Engineers from Monash University, Swinburne University, and RMIT in Australia put to the test a tiny device called a micro-comb that could one day replace existing internet infrastructure. Experts believe that this device can hit new crazy highs of download speeds that can give millions of people enough data even during the busiest periods.

The engineers' test showed that the device has data rates of 44.2 terabits per second, all emitted from a single light source. This concept was already invented ten years ago, but it is only appreciated now as a way to slim down and speed up the technology being used for the internet because of the rising pressure on the data highways.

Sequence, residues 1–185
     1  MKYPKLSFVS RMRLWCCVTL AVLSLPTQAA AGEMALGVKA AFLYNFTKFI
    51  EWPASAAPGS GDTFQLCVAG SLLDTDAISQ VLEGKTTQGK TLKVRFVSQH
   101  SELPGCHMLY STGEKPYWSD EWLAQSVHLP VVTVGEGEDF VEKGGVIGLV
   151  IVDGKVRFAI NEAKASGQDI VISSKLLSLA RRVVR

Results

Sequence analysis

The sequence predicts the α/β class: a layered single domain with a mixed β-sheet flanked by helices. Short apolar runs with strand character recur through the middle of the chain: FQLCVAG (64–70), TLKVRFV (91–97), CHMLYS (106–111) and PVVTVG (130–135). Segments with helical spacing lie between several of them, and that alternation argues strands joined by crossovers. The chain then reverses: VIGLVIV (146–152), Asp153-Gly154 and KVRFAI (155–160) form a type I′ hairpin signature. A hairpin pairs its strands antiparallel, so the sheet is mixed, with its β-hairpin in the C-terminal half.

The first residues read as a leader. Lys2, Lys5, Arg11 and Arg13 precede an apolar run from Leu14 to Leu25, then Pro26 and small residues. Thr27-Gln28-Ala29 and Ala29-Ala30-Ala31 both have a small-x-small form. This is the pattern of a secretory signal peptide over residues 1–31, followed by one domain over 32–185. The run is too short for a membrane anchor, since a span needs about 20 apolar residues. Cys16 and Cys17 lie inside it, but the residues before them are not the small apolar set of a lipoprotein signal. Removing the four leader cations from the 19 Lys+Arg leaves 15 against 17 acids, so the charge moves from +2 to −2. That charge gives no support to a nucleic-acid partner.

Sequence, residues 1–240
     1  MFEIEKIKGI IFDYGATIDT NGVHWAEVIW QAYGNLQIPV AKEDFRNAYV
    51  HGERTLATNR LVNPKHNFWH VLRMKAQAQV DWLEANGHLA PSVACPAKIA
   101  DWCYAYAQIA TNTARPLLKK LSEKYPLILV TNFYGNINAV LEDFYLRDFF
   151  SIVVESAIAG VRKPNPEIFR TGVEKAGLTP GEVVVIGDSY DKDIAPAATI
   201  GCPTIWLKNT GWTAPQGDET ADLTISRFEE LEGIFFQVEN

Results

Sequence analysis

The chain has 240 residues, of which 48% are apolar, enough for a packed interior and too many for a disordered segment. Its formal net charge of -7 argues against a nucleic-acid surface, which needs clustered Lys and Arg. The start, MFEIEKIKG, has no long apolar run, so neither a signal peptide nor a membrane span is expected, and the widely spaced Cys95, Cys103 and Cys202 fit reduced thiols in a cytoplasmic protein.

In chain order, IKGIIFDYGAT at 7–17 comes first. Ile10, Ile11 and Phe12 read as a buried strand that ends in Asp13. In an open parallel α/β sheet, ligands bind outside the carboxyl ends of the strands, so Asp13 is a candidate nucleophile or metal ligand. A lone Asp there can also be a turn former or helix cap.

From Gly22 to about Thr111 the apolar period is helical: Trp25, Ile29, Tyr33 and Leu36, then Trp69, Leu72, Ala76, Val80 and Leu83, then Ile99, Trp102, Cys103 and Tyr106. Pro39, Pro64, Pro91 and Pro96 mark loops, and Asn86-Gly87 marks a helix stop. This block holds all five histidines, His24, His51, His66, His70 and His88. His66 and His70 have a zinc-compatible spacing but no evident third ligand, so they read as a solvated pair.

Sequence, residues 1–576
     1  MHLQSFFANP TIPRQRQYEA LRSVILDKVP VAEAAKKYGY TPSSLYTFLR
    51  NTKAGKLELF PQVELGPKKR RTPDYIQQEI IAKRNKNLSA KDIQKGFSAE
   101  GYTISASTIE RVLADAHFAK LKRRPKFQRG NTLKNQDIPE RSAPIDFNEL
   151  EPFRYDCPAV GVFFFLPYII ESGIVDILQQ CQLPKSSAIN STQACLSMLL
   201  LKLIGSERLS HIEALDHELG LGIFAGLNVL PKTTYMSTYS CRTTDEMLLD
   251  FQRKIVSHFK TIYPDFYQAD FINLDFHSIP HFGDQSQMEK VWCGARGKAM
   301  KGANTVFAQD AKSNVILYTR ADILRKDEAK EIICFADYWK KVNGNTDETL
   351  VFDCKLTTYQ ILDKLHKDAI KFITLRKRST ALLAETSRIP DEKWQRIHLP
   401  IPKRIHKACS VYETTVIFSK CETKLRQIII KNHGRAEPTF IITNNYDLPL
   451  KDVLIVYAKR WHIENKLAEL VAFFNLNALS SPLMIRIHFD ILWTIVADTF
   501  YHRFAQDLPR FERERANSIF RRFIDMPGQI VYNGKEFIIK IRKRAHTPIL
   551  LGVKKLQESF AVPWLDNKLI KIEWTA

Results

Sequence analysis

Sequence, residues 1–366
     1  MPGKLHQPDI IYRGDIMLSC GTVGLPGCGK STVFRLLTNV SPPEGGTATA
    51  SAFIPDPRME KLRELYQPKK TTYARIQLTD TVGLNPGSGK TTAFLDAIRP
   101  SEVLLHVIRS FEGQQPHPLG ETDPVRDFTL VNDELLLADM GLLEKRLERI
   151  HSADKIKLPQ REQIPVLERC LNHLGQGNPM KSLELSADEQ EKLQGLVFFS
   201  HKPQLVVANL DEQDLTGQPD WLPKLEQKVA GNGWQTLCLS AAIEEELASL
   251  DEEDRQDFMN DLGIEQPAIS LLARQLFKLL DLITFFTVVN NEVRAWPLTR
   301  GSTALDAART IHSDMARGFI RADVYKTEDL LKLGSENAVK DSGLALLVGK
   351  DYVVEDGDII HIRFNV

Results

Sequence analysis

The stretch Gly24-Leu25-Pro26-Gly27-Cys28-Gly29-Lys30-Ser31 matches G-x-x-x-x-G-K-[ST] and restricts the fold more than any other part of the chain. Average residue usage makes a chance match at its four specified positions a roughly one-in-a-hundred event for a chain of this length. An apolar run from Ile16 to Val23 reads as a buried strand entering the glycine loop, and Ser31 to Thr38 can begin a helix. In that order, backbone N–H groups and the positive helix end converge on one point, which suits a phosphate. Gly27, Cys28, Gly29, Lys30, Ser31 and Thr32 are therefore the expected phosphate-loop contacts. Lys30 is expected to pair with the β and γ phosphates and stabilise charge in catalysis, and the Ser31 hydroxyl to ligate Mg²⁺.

David Moss, Director of the Optical Sciences Centre at Swinburne University, said: "This work represents a world-record for bandwidth down a single optical fiber from a single chip source, and represents an enormous breakthrough for part of the network which does the heaviest lifting."

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